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Heads Up Online Training Course

Get prepared for the new season in less than 30 minutes

Heads Up: Concussion in Youth Sports is a free, online course available to coaches, parents, and others helping to keep athletes safe from concussion. It features interviews with leading experts, dynamic graphics and interactive exercises, and compelling storytelling to help you recognize a concussion and know how to respond if you think that your athlete might have a concussion. Once you complete the training and quiz, you can print out a certificate, making it easy to show your league or school you are ready for the season.

What You Will Learn

This course will help you:

  • Understand a concussion and the potential consequences of this injury,
  • Recognize concussion signs and symptoms and how to respond,
  • Learn about steps for returning to activity (play and school) after a concussion, and
  • Focus on prevention and preparedness to help keep athletes safe season-to-season.

We can help athletes stay active and healthy by knowing the facts about concussion and when it is safe for athletes to return to play.

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Cole's Story: CDC Heads Up! Concussion Training Saved My Life!
Read how CDC’s online coaches' training helped a coach to recognize and respond to concussion in a young athlete.

 

Download the Course Script and Quiz:

Order or Download the Parent and Athlete Information Sheet:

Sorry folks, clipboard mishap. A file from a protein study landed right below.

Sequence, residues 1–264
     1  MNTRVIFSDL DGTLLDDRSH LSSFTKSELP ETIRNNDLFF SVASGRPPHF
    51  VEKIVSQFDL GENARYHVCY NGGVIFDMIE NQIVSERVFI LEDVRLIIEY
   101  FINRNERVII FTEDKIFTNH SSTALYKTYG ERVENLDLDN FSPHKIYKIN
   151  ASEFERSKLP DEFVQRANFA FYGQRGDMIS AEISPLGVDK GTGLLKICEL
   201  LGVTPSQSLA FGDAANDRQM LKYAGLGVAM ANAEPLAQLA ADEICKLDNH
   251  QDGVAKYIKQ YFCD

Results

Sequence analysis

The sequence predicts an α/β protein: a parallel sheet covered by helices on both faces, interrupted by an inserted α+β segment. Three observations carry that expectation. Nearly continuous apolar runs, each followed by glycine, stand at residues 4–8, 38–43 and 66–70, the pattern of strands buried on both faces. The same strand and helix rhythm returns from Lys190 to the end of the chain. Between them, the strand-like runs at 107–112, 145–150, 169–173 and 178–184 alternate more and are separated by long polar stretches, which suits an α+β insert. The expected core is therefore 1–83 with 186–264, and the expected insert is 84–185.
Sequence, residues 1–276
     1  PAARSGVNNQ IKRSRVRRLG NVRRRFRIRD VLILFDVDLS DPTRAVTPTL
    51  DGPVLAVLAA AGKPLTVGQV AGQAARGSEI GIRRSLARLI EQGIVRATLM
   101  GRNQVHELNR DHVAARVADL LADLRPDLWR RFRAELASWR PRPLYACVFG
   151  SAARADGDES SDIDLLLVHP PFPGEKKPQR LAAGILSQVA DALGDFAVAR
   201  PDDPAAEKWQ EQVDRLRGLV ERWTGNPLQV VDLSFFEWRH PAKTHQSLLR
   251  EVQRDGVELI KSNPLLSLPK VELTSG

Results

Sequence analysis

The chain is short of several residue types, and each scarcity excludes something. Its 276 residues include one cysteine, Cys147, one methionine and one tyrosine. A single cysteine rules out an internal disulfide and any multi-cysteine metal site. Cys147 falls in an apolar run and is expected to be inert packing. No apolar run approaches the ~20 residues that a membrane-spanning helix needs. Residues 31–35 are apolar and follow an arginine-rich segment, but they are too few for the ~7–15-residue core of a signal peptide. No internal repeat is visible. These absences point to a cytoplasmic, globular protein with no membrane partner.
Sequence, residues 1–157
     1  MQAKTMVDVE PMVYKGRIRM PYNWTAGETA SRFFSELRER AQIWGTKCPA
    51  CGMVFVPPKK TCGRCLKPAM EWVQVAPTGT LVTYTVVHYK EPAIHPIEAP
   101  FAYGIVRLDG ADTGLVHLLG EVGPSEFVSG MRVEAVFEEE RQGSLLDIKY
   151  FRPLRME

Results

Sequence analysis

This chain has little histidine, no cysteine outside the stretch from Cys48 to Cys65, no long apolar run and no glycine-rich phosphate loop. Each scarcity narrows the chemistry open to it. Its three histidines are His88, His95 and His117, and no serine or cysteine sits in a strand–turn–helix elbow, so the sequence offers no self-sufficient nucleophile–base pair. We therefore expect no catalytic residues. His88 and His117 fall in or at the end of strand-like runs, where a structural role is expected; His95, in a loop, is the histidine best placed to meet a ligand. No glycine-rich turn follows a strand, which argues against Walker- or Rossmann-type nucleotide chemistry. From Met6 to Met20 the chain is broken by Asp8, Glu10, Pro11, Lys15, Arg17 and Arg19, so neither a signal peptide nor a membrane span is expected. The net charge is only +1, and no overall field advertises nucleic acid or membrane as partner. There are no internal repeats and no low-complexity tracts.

THERE'S MORE TO KNOW, KEEP READING...

Concussion in Sports Fast Facts

football players

  • A concussion is a brain injury and all are serious.
  • Most concussions occur without loss of consciousness.
  • Recognition and proper response to concussions when they first occur can help prevent further injury or even death.

What is a Concussion?

volleyball playersA concussion is a type of traumatic brain injury, or TBI, caused by a bump, blow, or jolt to the head that can change the way your brain normally works. Concussions can also occur from a blow to the body that causes the head to move rapidly back and forth. Even a “ding,” “getting your bell rung,” or what seems to be mild bump or blow to the head can be serious.

Online training Concussions can occur in any sport or recreation activity. So, all coaches, parents, and athletes need to learn concussion signs and symptoms and what to do if a concussion occurs.

 

How can I learn more?

CDC has created free tools for youth and high school sports coaches, parents, athletes, and health care professionals that provide important information on preventing, recognizing, and responding to a concussion.

A "Heads Up" on Managing Return to Play

Photo: David E. Sugerman, MD, MPHExternal Web Site Icon

View the videoExternal Web Site Icon (Free login required through Medscape)